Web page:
Climate change was barely mentioned during October presidential debates, but that doesn't mean the public doesn't care. After all, climate change affected Hurricane Sandy, and that got some media coverage. Some analysts say climate change is just part of historic weather patterns that humans have little say over but most scientists say humans play a big part in the matter, in part through our increasing consumption of fossil fuels.
The power sources required for generating electricity play a large part in CO2 emissions, and it looks like that will be increasing. What would it take to change over energy power to renewables such as solar, wind or hydropower instead of coal or natural gas? Three experts on renewable energy recently published a letter in Nature that calls for an immediate moratorium on adding to the fossil fuel infrastructure.
Keith Barnham, of the Physics Department at Imperial College London; Kaspar Knorr, of the Fraunhofer Institute for Wind Energy and Energy System Technology, in Kassel, Germany; and Massimo Mazzer of the CNR-IMEM, in Parma, Italy, write in "Progress towards an all-renewable electricity supply" that they believe that solar could fuel all the world's electricity power plants as early as 2020 using existing technology, a little energy storage and subsidies that might be no higher than Feed In Tariff structures being used in Germany. The scientists also question whether Germany's drive toward renewables has been as costly as critics claim. They argue that it has actually brought down the cost of peak energy prices.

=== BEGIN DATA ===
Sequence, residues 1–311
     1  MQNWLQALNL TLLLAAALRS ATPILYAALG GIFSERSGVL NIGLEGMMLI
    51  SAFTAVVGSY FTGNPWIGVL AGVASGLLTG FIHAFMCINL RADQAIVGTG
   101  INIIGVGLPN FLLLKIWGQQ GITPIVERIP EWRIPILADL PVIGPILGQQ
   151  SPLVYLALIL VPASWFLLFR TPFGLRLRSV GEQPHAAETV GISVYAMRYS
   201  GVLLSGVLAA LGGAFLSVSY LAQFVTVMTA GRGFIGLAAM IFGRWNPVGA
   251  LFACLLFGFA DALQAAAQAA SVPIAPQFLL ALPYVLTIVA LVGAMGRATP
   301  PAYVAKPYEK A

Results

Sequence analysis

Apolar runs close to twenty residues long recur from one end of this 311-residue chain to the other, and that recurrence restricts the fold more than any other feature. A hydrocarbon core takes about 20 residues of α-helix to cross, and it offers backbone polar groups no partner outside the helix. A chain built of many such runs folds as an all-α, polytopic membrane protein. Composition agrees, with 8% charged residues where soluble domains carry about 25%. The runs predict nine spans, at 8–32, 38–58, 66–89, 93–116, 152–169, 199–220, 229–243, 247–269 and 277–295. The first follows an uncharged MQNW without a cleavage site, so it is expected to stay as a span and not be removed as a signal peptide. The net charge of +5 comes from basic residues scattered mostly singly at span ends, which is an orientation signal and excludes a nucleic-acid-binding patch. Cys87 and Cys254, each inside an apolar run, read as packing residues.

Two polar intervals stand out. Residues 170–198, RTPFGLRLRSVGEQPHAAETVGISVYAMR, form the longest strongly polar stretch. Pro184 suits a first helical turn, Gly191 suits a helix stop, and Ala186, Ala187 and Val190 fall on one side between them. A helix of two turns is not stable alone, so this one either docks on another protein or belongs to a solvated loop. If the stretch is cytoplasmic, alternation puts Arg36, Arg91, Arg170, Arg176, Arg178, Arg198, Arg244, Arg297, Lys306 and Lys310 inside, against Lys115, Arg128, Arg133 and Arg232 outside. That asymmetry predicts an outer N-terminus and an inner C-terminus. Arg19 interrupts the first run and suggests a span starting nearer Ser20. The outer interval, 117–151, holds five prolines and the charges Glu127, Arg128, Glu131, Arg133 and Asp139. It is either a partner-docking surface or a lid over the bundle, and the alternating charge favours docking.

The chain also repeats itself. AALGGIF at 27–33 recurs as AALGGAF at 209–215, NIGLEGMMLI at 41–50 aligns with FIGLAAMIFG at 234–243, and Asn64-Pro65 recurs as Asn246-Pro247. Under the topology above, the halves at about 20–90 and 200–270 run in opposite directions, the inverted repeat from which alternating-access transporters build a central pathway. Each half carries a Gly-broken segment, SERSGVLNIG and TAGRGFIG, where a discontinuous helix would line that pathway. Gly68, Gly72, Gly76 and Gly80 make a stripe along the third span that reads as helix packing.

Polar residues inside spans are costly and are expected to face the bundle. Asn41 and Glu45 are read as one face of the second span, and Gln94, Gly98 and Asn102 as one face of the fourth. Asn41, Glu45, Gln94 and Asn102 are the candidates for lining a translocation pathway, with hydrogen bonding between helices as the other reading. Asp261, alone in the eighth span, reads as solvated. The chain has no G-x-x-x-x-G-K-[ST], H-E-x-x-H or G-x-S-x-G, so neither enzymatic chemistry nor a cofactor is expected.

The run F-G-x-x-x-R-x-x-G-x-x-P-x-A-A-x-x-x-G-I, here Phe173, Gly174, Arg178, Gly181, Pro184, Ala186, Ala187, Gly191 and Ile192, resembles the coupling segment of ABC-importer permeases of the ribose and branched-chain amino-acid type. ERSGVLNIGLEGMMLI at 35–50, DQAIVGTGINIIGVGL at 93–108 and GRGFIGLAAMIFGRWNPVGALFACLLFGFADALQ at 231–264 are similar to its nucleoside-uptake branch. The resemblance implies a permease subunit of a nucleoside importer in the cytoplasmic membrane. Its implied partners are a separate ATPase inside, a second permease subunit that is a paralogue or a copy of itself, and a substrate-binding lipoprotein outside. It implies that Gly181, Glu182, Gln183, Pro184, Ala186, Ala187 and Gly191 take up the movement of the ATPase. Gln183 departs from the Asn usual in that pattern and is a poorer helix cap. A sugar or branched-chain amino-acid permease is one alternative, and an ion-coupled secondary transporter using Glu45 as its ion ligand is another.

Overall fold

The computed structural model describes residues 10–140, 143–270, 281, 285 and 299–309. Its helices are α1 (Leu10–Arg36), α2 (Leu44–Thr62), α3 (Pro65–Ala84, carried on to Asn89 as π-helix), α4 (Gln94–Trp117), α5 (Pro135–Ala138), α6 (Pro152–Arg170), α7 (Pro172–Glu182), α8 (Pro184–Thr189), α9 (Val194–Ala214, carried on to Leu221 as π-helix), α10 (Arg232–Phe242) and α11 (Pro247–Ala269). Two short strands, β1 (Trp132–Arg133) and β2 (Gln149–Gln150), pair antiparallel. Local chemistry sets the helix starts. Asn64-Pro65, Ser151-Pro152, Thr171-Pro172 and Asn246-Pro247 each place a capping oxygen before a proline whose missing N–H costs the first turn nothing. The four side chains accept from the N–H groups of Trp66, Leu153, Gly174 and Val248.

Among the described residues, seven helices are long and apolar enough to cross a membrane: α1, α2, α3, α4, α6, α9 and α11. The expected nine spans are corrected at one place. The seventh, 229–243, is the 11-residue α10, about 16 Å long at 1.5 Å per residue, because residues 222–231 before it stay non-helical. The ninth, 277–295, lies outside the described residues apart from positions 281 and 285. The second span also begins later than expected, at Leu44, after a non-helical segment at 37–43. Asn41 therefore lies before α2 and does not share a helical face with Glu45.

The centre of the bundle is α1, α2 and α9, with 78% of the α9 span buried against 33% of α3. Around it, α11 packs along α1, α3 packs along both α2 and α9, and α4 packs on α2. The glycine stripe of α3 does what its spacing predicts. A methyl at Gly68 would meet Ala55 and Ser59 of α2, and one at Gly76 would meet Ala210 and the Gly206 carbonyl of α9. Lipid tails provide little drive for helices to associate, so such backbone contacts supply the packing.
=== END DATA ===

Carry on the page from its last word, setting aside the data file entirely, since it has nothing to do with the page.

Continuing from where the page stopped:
For Treehugger writer Sami Grover, it's a simple equation: reduce fossil fuel consumption and transition energy over to renewables. Grover writes," a huge part of the climate change battle is simply defining what is possible... We are learning each day how massively underpriced fossil fuels are in the face of the destruction they cause."
There are activists out there trying to do something about climate change, like protestors occupying power stations or "hack-tivists" tweaking Big Oil. Along with generating electricity, the climate change implications for cars are massive and play a role in several global automakers building fossil fuel reduction into their sustainability campaigns. Will all of this be enough? According to Grover, "It's time to aim big or give up." An end to expanding fossil fuel infrastructure certainly fits into one of those two categories, and it's not giving up.